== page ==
DPRK to Skip Second Olympics Games Due to ‘Hostile Forces,’ COVID-19 Pandemic
© Sputnik / Ilya PitalevNorth Korea celebrates 60th anniversary of Korean War's end
© Sputnik / Ilya Pitalev/
The Democratic People’s Republic of Korea (DPRK) won’t send any athletes to the Winter Olympics next month in nearby Beijing. It’s the second world games the East Asian state has decided to sit out due to the COVID-19 pandemic.
"We could not take part in the Olympics due to the hostile forces' moves and the worldwide pandemic, but we would fully support the Chinese comrades in all their work to hold splendid and wonderful Olympic festival," read a letter by the North Korean Olympic Committee and the Ministry of Physical Culture and Sports to the Chinese Olympic Committee printed by Korean Central News Agency (KCNA) on Friday.
However, the International Olympic Committee previously suspended the DPRK from the Winter Games as punishment for its refusal to join the Summer Games in Tokyo. At those games, foreign ticket-holders were barred from attending the games due to a strong COVID-19 outbreak in Japan at the time.
The last time North Korean athletes competed in Olympic games was in the February 2018 Winter Olympics in Pyeongchang, South Korea, where the two Koreas competed under a single flag in what was the beginning of a major rapprochement between the two rivals.
In China, too, extensive lockdown procedures are being used to limit the spread of COVID-19 to a few dozen cases per day. The huge city of Xi’an, capital of Shaanxi Province with 13 million people, has been under lockdown for two weeks, with officials systematically testing each resident for the virus and warehouses running a huge logistical operation to supply those locked down with food and other necessities.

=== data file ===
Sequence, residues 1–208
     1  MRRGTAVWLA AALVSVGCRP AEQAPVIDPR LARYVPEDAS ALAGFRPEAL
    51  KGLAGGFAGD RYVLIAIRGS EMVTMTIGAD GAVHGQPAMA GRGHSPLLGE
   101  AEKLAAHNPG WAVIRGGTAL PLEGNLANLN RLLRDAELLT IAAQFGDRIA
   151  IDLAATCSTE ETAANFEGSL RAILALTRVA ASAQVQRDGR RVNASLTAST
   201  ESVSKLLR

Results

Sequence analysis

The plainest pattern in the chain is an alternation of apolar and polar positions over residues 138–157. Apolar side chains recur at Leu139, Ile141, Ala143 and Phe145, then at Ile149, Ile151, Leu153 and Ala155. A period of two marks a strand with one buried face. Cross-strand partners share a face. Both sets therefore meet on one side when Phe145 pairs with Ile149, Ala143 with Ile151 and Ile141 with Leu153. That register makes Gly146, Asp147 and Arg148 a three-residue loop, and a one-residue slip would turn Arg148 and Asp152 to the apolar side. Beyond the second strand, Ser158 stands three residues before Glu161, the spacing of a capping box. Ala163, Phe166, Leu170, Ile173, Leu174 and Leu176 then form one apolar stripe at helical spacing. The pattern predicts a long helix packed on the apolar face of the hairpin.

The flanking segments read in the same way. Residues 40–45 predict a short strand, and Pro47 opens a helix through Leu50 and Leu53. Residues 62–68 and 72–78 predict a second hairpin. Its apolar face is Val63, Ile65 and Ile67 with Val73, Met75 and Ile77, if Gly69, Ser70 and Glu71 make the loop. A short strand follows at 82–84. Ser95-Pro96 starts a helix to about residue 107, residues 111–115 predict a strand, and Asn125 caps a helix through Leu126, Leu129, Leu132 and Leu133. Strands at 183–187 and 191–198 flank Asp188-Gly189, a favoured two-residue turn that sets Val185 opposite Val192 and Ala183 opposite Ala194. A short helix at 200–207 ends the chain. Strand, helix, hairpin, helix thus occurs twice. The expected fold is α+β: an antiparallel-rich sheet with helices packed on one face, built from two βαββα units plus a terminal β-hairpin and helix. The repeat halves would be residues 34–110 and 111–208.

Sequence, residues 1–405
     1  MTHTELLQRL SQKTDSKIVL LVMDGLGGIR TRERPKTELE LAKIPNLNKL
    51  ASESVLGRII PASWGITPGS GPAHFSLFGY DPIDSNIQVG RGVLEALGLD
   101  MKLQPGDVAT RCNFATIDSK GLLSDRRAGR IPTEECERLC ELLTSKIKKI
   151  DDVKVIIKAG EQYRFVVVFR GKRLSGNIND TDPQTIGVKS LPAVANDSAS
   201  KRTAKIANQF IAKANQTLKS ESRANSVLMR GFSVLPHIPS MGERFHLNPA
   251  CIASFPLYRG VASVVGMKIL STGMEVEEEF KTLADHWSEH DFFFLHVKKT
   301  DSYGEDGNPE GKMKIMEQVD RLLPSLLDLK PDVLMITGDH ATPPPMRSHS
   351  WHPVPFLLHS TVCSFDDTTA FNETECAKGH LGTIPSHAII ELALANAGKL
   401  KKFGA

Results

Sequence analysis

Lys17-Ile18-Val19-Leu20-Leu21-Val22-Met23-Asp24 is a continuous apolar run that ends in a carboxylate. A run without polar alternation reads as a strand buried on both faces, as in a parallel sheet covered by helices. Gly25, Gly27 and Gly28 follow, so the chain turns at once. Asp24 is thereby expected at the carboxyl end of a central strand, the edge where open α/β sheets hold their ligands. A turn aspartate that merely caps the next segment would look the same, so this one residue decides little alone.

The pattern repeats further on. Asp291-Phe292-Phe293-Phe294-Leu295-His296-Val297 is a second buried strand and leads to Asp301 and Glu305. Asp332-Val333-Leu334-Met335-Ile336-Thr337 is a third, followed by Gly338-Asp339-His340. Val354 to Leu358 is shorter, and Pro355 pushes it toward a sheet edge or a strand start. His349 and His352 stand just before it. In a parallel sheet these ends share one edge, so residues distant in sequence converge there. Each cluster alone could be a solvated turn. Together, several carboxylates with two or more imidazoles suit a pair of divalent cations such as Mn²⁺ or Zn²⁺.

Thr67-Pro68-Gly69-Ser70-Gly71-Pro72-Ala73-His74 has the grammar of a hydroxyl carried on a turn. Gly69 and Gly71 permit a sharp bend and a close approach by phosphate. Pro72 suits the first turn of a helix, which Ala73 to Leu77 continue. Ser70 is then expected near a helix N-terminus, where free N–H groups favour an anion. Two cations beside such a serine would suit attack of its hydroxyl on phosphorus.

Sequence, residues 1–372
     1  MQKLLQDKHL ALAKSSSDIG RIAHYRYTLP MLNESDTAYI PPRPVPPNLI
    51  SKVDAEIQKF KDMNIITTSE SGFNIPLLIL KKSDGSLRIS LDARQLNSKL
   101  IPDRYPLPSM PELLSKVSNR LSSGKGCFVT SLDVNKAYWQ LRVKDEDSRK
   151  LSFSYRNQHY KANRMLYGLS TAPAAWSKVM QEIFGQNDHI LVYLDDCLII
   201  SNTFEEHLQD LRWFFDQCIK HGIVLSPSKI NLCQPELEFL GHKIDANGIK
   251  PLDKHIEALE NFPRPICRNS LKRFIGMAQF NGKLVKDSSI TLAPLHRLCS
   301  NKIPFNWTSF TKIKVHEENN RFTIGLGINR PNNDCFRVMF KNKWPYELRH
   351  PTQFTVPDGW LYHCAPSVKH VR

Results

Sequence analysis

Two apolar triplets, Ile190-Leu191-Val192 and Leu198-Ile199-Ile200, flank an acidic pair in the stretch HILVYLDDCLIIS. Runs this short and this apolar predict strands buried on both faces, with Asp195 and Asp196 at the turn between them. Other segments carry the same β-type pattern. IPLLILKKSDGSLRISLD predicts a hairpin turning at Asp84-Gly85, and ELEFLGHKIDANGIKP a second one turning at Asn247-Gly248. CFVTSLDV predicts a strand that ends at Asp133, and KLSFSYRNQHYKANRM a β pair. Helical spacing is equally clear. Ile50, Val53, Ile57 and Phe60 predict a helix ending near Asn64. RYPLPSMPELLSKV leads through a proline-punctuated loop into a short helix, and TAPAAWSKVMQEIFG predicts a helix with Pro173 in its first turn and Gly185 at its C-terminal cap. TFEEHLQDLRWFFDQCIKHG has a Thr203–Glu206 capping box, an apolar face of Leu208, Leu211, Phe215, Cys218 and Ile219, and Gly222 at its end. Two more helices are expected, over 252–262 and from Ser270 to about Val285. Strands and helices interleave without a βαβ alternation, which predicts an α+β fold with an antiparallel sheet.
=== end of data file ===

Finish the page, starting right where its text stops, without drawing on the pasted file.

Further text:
The DPRK has maintained a nearly absolute quarantine of the country since the outbreak began and has officially claimed almost no COVID-19 cases.
However, Pyongyang says it still supports the games and criticized the US’ diplomatic boycott of them, which is motivated by the political rivalry between the US and China.
"The DPRK Olympic Committee and the DPRK Ministry of Physical Culture and Sports resolutely reject those moves, branding them as an insult to the spirit of the international Olympic Charter and as a base act of attempting to disgrace the international image of China," the statement added.
Tensions between the DPRK on the one hand, and South Korea and the US on the other, remain high as the Biden administration has so far refused to meet with DPRK leaders on equal terms for peace talks.
Although some statements about a willingness to meet without preconditions have come out of Washington, Pyongyang has so far rejected them as not serious. US President Joe Biden has previously said he would not meet with DPRK leader Kim Jong Un without a pledge from him to dismantle his nuclear weapons program first. Kim says the weapons are necessary to guarantee North Korean security in the absence of a permanent peace treaty. South Korea and the US have been at war with the DPRK since 1950, although a ceasefire was reached in 1953.
The Beijing games are set to begin on February 4.